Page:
Case Report ARTICLE
Rare Case of Community-Acquired Endocarditis Caused by Neisseria meningitidis Assessed by Clinical Metagenomics
- 1Service of General Internal Medicine, Geneva University Hospitals (HUG), Geneva, Switzerland
- 2Genomic Research Laboratory, Service of Infectious Diseases, Geneva University Hospitals, Geneva University, Geneva, Switzerland
- 3Bacteriology Laboratory, Service of Laboratory Medicine, Geneva University Hospitals, Geneva, Switzerland
- 4Service of Laboratory Medicine, National Reference Center on Meningococci, Geneva University Hospitals, Geneva, Switzerland
- 5Institute for Infectious Diseases, University of Bern, Bern, Switzerland
- 6Department of Cardiovascular Surgery, Geneva University Hospitals, Geneva, Switzerland
The most common causes of infective endocarditis (IE) are Staphylococcus, Streptococcus, Enterococcus, and HACEK-related organisms. In 15–30% of the IE cases, standard blood cultures remain sterile. We aimed at identifying the causative agent of a blood-culture-negative IE by whole metagenome shotgun sequencing (WMGS). A 54-year old woman diagnosed with community-onset pneumonia by a general practitioner, was admitted with dyspnea, cough and fever. The patient's blood cultures were repeatedly negative. The transesophageal echocardiography and transthoracic echocardiography showed an echo density on the left coronary leaflet of the aortic valve and signs suggestive of a ruptured abscess of the mitro-aortic junction. The patient underwent a semi-urgent aortic valve replacement by a mechanical prosthetic valve. We extracted DNA from the surgically-removed fresh valve tissue. The extraction procedure included bacterial/fungal DNA enrichment procedure. Nextera XT library prepared from the valve DNA extract was sequenced (2 × 250) on an Illumina MiSeq instrument. Sequence reads were mapped against bacterial genomic sequences, 16S rRNA genes and clade-specific taxonomic markers. Most of the 103,136 sequencing reads classified as bacterial were assigned to Neisseria meningitidis. In line with these data, mapping of reads against clade-specific and 16S rRNA gene markers revealed N. meningitidis as the most represented species. Assembled metagenomic fragments had the best average nucleotide identity (ANI) with N. meningitidis. Comparison of assembled contigs to reference alleles showed that this strain belongs to the ST-41/44 complex. N. meningitidis is commonly associated with meningitis and/or septicemia but should not be neglected as a causative agent of IE, which became exceedingly rare with the introduction of antibiotics. Our data show that WMGS may be used as a diagnostic procedure to strengthen the diagnosis of IE and to obtain draft genomic sequence of the pathogen and typing information.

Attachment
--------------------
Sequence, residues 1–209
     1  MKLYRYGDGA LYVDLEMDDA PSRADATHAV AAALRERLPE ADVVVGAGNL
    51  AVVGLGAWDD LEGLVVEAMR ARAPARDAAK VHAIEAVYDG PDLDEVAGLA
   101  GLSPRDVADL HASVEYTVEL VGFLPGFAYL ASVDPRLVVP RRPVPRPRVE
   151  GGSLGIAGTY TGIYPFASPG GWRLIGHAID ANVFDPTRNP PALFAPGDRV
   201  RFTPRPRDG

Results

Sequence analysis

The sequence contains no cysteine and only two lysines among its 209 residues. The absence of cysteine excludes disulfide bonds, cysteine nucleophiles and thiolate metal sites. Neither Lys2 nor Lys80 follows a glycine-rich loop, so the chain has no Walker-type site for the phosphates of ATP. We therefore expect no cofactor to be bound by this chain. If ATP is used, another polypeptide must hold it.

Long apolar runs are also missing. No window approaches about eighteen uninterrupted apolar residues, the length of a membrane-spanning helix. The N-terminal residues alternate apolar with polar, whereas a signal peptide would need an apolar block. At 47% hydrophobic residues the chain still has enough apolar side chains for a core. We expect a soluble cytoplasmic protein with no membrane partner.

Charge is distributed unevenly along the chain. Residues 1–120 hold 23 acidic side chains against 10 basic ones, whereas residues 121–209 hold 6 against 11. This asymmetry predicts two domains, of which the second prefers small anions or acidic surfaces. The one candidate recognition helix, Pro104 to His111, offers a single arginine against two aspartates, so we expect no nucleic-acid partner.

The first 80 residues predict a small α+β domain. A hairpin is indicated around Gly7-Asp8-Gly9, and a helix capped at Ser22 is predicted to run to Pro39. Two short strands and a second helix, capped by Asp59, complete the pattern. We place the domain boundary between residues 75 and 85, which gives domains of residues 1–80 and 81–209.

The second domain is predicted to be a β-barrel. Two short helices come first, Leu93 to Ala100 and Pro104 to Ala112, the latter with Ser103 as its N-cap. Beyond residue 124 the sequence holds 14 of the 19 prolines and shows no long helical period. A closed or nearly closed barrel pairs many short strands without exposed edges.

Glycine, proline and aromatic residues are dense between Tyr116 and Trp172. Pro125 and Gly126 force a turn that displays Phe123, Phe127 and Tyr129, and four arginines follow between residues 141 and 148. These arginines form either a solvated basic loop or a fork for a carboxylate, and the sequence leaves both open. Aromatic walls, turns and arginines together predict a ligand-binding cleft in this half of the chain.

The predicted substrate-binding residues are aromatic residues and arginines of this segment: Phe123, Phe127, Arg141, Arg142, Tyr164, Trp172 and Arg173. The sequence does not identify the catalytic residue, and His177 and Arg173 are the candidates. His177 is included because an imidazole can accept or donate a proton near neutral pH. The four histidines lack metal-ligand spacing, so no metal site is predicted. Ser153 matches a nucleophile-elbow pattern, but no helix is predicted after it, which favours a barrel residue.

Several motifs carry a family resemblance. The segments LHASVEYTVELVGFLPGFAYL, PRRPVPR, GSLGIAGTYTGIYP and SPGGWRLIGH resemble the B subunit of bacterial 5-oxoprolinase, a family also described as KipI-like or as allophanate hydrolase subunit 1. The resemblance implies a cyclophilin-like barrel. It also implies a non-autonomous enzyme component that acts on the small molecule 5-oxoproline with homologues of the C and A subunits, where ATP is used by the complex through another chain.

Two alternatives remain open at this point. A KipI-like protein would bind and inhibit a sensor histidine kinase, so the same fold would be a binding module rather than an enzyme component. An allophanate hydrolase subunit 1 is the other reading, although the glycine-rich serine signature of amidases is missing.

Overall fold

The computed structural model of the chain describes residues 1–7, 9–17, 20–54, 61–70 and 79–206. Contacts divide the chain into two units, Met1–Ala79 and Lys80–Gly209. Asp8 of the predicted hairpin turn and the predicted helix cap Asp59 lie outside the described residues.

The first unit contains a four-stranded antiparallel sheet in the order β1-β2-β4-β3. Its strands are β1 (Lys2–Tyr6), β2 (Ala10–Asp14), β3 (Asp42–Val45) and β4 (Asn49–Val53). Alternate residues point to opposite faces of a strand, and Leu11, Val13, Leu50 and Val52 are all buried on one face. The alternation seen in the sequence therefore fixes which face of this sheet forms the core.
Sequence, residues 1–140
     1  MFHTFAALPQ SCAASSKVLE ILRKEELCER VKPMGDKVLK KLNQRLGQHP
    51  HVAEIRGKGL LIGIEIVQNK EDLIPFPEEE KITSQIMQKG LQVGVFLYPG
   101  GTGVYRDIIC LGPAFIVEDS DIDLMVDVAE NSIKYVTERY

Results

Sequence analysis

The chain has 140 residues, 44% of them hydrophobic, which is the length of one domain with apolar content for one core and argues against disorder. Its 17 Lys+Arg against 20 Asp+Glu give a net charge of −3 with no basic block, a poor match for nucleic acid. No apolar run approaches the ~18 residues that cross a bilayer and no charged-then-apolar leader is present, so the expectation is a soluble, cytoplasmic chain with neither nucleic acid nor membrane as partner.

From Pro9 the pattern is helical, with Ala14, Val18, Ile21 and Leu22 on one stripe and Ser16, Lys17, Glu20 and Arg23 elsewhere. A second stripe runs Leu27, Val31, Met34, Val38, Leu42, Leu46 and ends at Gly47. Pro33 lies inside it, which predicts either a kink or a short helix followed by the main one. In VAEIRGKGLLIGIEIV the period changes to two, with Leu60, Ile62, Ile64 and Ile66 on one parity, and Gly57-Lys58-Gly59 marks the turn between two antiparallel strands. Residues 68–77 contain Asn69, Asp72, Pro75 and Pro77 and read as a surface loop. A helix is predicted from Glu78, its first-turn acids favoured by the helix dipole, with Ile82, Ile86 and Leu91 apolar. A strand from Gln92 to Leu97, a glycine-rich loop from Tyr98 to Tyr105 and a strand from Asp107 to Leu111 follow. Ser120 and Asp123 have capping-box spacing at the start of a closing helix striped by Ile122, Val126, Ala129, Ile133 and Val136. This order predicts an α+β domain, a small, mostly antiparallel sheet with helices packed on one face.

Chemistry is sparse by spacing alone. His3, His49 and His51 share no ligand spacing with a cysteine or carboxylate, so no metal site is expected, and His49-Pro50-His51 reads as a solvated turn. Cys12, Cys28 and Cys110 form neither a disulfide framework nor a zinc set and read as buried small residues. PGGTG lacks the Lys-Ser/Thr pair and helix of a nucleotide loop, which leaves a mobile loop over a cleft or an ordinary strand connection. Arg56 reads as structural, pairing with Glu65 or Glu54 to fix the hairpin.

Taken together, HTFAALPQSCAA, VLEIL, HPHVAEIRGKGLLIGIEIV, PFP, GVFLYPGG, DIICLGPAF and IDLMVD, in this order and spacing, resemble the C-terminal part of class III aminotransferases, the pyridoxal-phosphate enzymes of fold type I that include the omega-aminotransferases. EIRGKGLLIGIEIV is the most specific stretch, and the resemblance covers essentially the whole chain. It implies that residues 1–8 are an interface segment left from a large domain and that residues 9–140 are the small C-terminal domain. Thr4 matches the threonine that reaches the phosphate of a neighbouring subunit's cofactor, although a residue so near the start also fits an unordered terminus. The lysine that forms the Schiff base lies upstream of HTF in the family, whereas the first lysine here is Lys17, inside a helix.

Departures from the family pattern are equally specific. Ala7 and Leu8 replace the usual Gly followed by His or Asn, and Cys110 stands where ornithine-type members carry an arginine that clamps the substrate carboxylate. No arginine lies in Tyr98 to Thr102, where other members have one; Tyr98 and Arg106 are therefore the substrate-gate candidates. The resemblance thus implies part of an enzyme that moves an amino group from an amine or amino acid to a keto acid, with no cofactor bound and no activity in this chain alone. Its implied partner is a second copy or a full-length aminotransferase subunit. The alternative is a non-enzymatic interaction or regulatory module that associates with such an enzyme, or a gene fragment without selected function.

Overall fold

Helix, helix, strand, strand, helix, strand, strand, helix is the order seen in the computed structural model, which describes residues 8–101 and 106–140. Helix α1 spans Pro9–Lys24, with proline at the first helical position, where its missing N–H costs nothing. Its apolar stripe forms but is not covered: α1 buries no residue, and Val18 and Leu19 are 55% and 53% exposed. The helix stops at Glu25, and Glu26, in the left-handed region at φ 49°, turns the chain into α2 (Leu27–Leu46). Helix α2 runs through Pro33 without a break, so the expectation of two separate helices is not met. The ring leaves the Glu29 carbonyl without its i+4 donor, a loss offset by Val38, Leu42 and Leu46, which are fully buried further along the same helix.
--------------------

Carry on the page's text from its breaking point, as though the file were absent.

Infective endocarditis (IE) remains a deadly disease despite significant progress in the diagnostic procedures and therapies. The most common cases of IE involve staphylococci, streptococci and enterococci as the preponderant microorganisms (>88%) recovered from blood cultures (1). The HACEK group (Haemophilus spp., Aggregatibacter spp., Cardiobacterium spp., Eikenella corrodens, and Klebsiella spp.) of fastidious oropharyngeal bacteria and other gram-negative organisms were reported to cause infection in 0.9–1.6% and 7.4% of IE patients with positive blood culture, respectively (1, 2).